Is eyewitness testimony always accurate?

Loftus and Palmer (1974) carried out a study involving the interaction between language and memory which concerned how accurate eyewitness testimony (EWT)  is and the problems leading questions can bring. Loftus and Palmer showed participants short film clips of car accidents and measured the effect of the use of different verbs (such as ‘collided’, ‘contacted’ or ‘smashed’) when participants were asked about the speed of the cars involved in the accidents. For further details about this study follow the link:

But, what other factors contribute to the unreliability of EWT? Are eyewitness testimonies always accurate?

There are many factors which can affect the reliability of EWT such as face recognition, the role of emotion and reconstructive memory.  Facial recognition is certainly an obvious issue when it comes to a person having to give an eyewitness account of a situation. Research has found that hair style and outline of the face are the two most important factors when trying to recall the features of a face unfamiliar to us, but internal features like eyes, for example were more important for the recognition of a familiar face (Ellis et al, 1979). Further research carried out by Buckhout (1974) supports the suggestion that eyewitnesses are not particularly good at identifying possible criminals, as when a purse-theft was staged, and two line-ups were conducted in order to challenge the recall of 52 witnesses- only seven of  the participants identified the thief on both of the occasions. This suggests therefore that eyewitness testimonies are not always accurate due to evidence of a low recall ability of witnesses.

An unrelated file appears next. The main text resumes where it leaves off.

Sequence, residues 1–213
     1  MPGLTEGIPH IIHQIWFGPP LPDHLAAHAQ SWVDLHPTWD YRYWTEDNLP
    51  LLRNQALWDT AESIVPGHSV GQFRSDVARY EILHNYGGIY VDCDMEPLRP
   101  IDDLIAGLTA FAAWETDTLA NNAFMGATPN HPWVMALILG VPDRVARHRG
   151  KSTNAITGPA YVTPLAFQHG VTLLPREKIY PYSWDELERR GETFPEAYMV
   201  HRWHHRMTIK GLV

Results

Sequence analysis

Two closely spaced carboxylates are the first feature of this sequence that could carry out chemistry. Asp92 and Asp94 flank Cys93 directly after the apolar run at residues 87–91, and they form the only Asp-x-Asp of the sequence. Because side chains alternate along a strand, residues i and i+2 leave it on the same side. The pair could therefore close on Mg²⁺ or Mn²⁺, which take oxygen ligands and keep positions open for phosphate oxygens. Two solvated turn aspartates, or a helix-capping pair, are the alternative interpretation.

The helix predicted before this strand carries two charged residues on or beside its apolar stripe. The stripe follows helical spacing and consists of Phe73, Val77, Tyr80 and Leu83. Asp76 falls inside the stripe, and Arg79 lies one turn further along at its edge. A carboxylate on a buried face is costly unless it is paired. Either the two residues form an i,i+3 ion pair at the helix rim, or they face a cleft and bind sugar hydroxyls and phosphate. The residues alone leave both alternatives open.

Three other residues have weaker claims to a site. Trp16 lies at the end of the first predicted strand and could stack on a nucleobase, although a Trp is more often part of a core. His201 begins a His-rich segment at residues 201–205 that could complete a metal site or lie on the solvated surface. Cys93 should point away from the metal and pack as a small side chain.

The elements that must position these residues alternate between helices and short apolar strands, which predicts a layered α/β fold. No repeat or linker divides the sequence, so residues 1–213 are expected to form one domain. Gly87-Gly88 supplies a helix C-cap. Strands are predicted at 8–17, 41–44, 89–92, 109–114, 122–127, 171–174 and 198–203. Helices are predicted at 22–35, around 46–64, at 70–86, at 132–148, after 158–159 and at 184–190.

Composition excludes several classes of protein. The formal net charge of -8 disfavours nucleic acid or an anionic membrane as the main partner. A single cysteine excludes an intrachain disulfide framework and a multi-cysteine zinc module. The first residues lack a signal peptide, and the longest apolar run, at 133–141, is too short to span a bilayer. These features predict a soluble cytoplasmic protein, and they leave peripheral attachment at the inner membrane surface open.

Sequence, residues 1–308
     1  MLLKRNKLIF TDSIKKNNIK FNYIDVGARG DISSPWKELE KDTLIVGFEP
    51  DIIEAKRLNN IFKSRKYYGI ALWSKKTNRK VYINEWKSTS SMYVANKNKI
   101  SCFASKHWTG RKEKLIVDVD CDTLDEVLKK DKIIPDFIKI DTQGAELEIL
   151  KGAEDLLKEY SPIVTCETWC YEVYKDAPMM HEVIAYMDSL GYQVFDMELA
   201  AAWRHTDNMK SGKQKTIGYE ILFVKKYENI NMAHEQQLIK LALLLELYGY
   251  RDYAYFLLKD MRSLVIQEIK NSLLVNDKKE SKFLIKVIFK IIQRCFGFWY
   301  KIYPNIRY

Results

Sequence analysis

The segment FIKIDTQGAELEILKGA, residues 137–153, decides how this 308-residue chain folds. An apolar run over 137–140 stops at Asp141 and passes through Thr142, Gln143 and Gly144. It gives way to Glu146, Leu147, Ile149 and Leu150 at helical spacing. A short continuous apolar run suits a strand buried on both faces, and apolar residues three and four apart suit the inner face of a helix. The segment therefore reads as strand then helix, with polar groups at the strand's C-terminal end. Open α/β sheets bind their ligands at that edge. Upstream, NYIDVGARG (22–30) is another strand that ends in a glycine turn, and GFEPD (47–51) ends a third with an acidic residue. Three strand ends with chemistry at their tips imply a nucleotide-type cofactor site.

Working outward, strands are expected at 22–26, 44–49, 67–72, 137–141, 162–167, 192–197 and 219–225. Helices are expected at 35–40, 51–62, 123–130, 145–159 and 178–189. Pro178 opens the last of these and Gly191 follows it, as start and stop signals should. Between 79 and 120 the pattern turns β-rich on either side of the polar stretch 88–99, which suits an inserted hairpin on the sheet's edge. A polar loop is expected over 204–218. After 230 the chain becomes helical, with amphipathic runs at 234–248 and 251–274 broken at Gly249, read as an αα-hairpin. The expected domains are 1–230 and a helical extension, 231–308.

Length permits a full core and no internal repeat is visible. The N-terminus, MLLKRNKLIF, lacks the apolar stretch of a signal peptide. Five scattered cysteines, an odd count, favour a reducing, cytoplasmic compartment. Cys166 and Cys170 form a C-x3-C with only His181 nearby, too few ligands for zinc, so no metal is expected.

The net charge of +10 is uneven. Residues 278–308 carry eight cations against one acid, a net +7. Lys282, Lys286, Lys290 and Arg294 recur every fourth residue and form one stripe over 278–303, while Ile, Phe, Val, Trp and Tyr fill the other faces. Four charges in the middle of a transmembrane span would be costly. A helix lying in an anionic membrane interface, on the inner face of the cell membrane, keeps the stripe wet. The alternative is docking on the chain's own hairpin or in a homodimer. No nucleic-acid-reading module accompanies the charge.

The role of emotion also plays a significant part in affecting the accuracy of eyewitness testimony due to the fact that crimes are often frightening to a witness, even more so if the criminal has a weapon. This could even reduce or improve recall, either by focusing the attention of the witness or distracting them. Loftus et al (1987) introduced the ‘weapon effect’, this suggests that once a weapon is seen by a witness, their attention is drawn to it as it is a very frightening experience therefore distracting the witness from the criminals appearance, reducing the accuracy of the EWT. Supporting evidence of the weapon effect is demonstrated in a study carried out by Johnson and Scott (1978). During this study some participants, ‘while awaiting on an experiment to begin’,  witnessed a male carrying a knife covered in blood while others saw a male carrying a pen covered in grease. The participants in the first group who witnessed a knife covered in blood were less accurate in their eyewitness testimony, showing that a frightening situation can effect a witnesses’ recall- the weapon effect.